The weekend newspaper in South Australia is The Sunday Mail and on 16th June it carried three items in reference to the provision of chaplains for State schools. The following are excerpts from these articles.
From Rachel Hancock – “Primary schools are fast turning to chaplains to fill a growing need for support services.
So popular have they become, the state school chaplaincy co-ordinator has called on the State Government to provide extra support to cope with demand.
Education Department figures show that there are more than 120 chaplains spread across 130 public schools in South Australia – up from 79 when they were first introduced into high schools in 1987. SA was the first state to employ chaplains in primary schools four years ago. Since then, more than 30 have turned to their church community for help.
Chaplaincy co-ordinator Haydn Lush, who piloted the primary school program, said that he continually fields calls. A further 17 schools are currently seeking chaplains. “The demand will continue to grow”, he said …Chaplains are “like a gift from the churches”, providing a pastoral resource and referral service. While they come from a religious background, their role ranges from discussing personal concerns with students, staff and parents, to grief and family breakdown counselling and helping with camps, excursions and clubs.
Paringa Park Primary School is the latest recruit. Principal Peter Verrier said he was currently advertising an honorarium position….
From Ina puts Faith in Classroom” – “The Largs Bay Primary School chaplain (Ina Mount) is relishing her role and has come to be a popular staff member at the western suburbs school…….Mrs Mount volunteers about 25 hours a week…..She visits 14 classrooms a week to tell stories and speak about spiritual values.”
This third article is headed “Positive Option” – “Chaplains are a positive influence in schools, says SA Principals Association president Leoni Trimper – but she does not see them replacing counsellors.
We have encouraged schools to look at chaplains as an option if they don’t have a school counsellor and are certainly supportive of their role in filling a gap”, she said. “Until we get more school counsellors there will always be that gap. It’s fairly evident with the requests for school counsellors and chaplains that schools have identified the social and emotional needs of students as a huge ‘priority’.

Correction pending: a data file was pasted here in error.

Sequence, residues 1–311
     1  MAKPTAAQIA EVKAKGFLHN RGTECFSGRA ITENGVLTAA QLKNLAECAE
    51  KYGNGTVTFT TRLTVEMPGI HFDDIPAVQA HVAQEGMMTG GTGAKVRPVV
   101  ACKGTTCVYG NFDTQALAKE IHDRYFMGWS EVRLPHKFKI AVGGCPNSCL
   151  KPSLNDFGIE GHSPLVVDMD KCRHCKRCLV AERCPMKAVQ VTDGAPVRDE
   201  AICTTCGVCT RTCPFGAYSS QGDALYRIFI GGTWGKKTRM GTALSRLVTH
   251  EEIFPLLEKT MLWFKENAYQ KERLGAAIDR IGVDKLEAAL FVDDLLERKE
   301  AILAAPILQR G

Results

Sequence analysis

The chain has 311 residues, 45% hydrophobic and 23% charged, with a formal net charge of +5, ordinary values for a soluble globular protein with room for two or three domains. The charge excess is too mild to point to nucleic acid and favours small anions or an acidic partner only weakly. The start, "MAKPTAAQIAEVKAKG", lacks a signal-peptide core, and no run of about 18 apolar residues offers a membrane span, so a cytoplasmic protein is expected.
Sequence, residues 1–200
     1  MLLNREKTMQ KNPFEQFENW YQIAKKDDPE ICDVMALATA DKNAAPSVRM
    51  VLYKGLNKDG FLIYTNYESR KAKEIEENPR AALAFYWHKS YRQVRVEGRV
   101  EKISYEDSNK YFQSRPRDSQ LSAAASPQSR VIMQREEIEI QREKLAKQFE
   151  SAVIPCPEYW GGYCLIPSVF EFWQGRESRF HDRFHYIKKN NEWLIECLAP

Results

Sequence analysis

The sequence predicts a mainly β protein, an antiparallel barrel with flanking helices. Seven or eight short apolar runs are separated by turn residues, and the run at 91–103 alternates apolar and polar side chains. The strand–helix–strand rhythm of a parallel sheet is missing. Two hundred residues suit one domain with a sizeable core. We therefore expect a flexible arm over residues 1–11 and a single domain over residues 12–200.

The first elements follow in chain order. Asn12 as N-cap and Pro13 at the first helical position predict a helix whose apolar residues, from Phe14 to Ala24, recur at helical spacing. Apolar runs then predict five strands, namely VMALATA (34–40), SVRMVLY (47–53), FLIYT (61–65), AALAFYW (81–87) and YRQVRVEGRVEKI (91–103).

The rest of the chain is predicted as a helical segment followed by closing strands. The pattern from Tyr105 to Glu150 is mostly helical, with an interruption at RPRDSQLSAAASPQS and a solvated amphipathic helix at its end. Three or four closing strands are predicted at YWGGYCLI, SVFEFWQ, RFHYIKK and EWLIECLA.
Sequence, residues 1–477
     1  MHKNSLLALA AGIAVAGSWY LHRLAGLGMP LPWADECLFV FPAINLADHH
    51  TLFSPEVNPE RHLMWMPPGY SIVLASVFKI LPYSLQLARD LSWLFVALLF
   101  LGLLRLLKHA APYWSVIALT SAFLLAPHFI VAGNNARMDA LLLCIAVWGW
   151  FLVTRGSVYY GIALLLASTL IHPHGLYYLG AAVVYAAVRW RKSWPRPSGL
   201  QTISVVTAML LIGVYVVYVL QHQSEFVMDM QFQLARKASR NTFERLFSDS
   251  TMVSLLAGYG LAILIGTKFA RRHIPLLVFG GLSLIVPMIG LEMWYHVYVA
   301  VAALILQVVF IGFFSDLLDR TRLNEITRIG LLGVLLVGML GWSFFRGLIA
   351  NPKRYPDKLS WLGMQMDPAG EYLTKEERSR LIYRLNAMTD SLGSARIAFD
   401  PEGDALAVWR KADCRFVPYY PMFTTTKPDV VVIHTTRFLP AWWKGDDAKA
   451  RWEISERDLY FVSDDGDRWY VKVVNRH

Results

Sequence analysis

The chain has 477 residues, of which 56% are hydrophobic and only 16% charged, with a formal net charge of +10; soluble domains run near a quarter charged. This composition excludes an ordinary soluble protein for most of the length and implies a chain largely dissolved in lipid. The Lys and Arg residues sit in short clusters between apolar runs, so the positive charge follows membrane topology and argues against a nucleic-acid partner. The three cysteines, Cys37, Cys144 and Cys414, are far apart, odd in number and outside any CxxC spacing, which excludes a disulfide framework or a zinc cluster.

Education Minister Trish White says she highly regards the chaplain’s role within schools. “Chaplains are an important addition to schools, complementing the work of counsellors in helping develop confident, well-rounded individuals”, Ms White said.
The following is our Letter to the Editor –
That State Schools (Sunday Mail 16/06/02) find a need for professional counsellors is not surprising. The question is whether Christian chaplains are a desirable or acceptable alternative.
Australia is now a multicultural society. A group of Christians select and approve the chaplains who are obliged to believe in nearly fifty statements contained in the Nicene Creed. This creed was proposed and endorsed under the murderer Constantine in 325. Those who voted against it were banished.
‘Belief’ is an admission of ignorance. When something is known it is no longer a ‘belief’.
Every child, other than those indoctrinated as Christians, is automatically disadvantaged, if not excluded, from the service of a professional counsellor under this situation.
Consider the position if the service was provided exclusively by Muslim clerics or those from any other religious group. Why would Christians pay their chaplains up to $16,000 p.a. to gain exclusive access to our school children? The acceptable social values should be taught as an integral part of the curriculum, not the ‘spiritual values’ of a particular religious organisation.
It would be interesting to know how ‘spiritual’ is now defined, for science has revealed that no human being has an immortal spirit or ‘soul’ and thus this basic religious doctrine is negated.
The Education Department should not permit chaplaincy as a cheap alternative to the provision of school counsellors.
At the most impressionable period of their lives, our school children should not be exposed to exploitation by purveyors of false and supernatural concepts, for which there is a complete absence of concrete or scientific
Keith S Cornish, President, AFA
The AFA has always been concerned by this backroom entry of Christian influence into our State Schools and has made submissions to the Education Department against this imposition.
Submissions re Religious education in SA state schools
Religion in Secular Schools
By Keith S Cornish